“There are,” he argues, “simple, basic connections to be made within and between the various movements.” In the same year that Kimberle Crenshaw coined the term “intersectionality theory”, Siv. says that we have to keep our eye on the bigger picture while dealing with the particular, giving the admonitory example of “a peace movement, which does not, for instance, see that to preserve the world from a holocaustal nuclear war also involves preserving the Third World from a thousand Malian junta soldiers patrol in Kati, outside Bamakointernecine wars sponsored and financed by the arms industry of the West.” We can enrich the personal by understanding the political. We can enrich the whole by the struggles of the particulars. But the interpretation of the “personal is the political” and the “romanticising” of identity politics in general and feminism in particular (which he admits might have been necessary as a tactic to open up the “male, heterosexual citadels of socialism”) has “led to disastrous consequences”. “By personalising power you personalise the enemy: the enemy of the black is the white as the enemy of the woman is the man.” This reduces in his eyes “the fight against institutions and practices to a fight against individuals and attitudes.” Presumably the enemy is Capital and systemic. Black intellectuals found “commitment, if not profit, in ethnicity and culture” and white intellectuals found “struggle in discourse” with the justification that in “post-Fordist” culture, the working class had disintegrated. They then elected themselves the agents of change in a world of ideas, ideology and information.

Instead, it is in “the joint struggles” such as those “of refugee, migrant and black groups” which sustain the links between racism and imperialism and between racial oppression and class exploitation.” These are different because:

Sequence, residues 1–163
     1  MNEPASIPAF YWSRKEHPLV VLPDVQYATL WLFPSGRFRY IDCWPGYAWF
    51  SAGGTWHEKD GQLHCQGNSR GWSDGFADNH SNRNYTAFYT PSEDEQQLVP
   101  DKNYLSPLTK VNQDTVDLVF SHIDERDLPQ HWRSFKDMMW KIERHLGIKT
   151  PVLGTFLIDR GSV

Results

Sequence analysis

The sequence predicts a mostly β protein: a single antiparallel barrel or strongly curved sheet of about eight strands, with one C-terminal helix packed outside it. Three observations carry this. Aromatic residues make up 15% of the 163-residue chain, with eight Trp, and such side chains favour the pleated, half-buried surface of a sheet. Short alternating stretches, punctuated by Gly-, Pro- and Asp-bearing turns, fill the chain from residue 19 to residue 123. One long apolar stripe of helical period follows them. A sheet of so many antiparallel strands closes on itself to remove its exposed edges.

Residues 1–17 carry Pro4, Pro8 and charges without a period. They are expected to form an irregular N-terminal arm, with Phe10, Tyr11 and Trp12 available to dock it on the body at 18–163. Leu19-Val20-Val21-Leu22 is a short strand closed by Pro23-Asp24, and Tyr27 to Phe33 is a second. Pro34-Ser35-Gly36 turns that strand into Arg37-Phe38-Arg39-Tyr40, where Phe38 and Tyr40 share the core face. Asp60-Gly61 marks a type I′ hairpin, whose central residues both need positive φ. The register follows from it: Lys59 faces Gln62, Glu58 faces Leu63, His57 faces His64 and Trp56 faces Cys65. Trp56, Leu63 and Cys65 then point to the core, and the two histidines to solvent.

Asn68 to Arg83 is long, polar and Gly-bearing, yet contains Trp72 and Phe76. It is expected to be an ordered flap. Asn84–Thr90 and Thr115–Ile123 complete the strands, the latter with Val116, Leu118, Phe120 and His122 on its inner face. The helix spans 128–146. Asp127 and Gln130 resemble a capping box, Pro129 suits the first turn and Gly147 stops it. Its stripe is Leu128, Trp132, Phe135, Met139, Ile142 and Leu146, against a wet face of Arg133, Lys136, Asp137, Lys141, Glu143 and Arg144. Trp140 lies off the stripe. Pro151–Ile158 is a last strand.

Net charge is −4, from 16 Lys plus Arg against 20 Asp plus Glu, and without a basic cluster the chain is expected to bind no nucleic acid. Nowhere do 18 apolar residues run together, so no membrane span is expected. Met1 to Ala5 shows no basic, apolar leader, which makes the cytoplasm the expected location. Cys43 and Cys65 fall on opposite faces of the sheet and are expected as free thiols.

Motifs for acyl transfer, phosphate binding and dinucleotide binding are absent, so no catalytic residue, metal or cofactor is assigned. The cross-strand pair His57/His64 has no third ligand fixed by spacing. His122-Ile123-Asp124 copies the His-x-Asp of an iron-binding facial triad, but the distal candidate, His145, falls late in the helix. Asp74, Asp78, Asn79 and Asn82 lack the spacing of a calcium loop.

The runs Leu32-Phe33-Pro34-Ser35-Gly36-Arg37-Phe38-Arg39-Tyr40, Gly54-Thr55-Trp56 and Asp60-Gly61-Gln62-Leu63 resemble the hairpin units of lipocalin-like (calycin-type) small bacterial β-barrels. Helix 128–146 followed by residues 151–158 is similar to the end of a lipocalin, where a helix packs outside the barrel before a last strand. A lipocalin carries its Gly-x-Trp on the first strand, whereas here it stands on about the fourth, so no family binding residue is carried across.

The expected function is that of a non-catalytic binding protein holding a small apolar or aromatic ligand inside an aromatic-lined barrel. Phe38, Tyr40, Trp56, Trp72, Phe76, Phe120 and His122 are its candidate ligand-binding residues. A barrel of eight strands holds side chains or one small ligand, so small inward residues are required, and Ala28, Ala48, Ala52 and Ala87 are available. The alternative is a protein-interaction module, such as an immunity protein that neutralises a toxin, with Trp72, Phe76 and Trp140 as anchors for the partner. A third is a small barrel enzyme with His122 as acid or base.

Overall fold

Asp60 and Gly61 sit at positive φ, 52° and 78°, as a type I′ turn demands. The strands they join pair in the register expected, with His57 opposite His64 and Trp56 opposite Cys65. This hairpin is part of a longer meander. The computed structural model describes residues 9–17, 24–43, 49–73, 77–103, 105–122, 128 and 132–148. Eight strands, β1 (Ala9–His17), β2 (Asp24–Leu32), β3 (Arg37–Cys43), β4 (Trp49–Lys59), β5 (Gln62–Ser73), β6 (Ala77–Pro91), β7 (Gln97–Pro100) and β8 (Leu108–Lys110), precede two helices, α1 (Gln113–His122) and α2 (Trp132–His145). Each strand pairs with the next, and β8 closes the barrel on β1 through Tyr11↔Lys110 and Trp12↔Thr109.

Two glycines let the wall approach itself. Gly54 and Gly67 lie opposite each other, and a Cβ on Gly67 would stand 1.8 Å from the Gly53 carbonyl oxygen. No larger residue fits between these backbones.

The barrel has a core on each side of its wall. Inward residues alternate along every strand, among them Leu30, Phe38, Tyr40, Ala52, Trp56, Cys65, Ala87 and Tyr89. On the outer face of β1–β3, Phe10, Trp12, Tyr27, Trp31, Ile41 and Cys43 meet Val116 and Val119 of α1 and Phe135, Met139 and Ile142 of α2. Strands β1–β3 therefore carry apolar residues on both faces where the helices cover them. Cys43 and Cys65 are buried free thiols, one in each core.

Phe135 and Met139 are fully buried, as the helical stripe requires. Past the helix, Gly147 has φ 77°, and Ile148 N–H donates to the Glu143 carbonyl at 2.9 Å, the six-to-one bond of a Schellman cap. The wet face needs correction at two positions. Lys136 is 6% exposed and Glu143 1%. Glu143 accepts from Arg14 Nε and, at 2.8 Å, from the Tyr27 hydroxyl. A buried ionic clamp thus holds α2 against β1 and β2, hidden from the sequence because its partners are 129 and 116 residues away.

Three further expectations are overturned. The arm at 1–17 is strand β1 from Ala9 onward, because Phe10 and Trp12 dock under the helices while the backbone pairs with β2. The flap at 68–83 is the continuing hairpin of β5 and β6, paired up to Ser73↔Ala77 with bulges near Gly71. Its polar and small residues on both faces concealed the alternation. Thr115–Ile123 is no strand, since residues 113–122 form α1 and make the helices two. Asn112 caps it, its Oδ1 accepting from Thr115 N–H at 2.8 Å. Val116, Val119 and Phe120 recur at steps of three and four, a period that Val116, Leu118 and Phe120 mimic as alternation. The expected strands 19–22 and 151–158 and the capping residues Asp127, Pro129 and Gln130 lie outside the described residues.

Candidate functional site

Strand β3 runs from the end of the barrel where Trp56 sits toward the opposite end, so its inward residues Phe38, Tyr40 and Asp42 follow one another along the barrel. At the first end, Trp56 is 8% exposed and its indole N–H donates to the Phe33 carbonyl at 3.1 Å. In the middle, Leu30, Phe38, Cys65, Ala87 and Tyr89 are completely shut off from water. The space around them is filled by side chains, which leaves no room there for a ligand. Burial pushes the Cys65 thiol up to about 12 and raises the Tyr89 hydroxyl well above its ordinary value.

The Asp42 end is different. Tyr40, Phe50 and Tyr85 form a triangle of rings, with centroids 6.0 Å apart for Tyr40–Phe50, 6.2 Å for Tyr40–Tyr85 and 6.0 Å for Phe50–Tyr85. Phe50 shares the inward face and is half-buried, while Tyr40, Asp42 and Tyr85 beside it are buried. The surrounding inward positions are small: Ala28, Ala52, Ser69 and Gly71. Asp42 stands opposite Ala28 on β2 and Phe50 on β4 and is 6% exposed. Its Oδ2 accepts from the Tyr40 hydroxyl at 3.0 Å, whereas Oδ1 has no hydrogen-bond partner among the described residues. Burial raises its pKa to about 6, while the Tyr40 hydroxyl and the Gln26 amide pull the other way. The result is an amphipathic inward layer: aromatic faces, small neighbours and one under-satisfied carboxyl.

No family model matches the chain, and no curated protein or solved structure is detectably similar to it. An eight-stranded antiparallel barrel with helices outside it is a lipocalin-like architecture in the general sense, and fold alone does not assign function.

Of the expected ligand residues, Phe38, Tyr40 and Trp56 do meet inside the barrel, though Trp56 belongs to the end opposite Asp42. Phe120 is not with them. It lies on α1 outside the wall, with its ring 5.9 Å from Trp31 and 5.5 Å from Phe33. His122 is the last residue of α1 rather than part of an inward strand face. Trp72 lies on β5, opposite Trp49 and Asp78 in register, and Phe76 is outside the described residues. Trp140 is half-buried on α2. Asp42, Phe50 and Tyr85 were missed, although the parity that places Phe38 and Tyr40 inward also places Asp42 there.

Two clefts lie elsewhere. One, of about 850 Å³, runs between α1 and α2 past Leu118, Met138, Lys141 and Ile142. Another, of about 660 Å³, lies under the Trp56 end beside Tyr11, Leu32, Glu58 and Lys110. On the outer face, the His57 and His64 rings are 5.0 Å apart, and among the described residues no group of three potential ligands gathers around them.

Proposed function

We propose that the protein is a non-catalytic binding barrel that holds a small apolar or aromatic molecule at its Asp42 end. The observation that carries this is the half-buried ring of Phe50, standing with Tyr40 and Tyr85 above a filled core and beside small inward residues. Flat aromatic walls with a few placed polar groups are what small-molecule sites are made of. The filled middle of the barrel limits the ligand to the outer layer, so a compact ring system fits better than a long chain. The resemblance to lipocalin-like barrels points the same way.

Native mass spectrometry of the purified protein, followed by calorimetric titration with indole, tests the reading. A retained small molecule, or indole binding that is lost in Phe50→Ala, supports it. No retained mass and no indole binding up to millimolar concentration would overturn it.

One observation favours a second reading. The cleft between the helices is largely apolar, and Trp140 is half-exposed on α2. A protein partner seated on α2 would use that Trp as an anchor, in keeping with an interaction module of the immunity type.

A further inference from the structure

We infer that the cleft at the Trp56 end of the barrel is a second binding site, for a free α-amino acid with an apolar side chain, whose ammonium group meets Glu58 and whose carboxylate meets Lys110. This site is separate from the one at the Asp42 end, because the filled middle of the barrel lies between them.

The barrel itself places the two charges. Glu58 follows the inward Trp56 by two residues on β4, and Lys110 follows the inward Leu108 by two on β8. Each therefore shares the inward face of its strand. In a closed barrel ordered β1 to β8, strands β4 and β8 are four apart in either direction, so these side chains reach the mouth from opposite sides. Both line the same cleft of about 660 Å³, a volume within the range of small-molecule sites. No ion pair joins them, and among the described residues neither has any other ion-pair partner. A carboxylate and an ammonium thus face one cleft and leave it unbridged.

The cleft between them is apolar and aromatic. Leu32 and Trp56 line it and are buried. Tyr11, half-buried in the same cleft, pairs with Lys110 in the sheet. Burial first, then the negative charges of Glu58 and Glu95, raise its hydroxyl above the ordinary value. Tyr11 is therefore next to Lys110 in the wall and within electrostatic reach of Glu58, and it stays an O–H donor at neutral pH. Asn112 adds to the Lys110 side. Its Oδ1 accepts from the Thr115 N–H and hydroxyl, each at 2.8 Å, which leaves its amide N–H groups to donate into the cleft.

Birmingham 19801. They are “collectivities, movements that issue from the grassroots” of economic, social and political life.” Not “inward looking, navel-gazing exercises like identity politics.”

2. They know that “behind civil society lurks the state … local or central.”

3. They are not diverse cultural politics but “a multi-faceted political culture” that maintains the aim of overthrowing capitalism, not just leading it gently astray into socialism.

4. They operate along “the political is personal” rather than “the personal is political.” meaning they are not just trying to achieve for themselves or for their group, not just trying to create the “radical individual” but the “radical society” which will allow radical individuals to flourish. A society that “finds value in the communal lifestyle of the poor.”

5. “only in the collective good our selves can put forth and grow.”

We must, he concludes, make individual or local cases into an issue, an issue into a cause and a cause into a movement and build “new communities of resistance that will take on power and Capital and class.” I guess the transformation from a few women’s individual struggles to be housed within their home borough to a cause for decent housing and, by uniting and organising a number of rebel groups, setting up a march on City Hall which thousands took part in yesterday, may fit this model. Worrying about white privilege or demanding more black journalists on the BBC would not.

Next Hotchpotch will be on 16th February 2015 at Pages of Hackney, 70 Lower Clapton Road, London. E5 0RN. Every Monday a member of the Extra Pages collective will be running the bookshop as a volunteer in the day and hosting an event downstairs in the evening.Yesterday's March for Homes

Written by angrysampoetry

February 1, 2015 at 11:56 am

2 Responses

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  1. Excellent- captures Siva’s arguments succinctly. His essay is immensely rich making a large number of connections. His critique of ‘New Times’ remains true of many such tendencies in analysis. Siva is always focusing on the logic of our world and committed to changing the world rather than interpreting it.


    February 3, 2015 at 8:09 pm

  2. […] interviews with activists and academic articles looking back at aspects of the period, when, as A. Sivanandan says in a 1998 interview with Kwesi Owusu, “Black was a political colour … the colour of our […]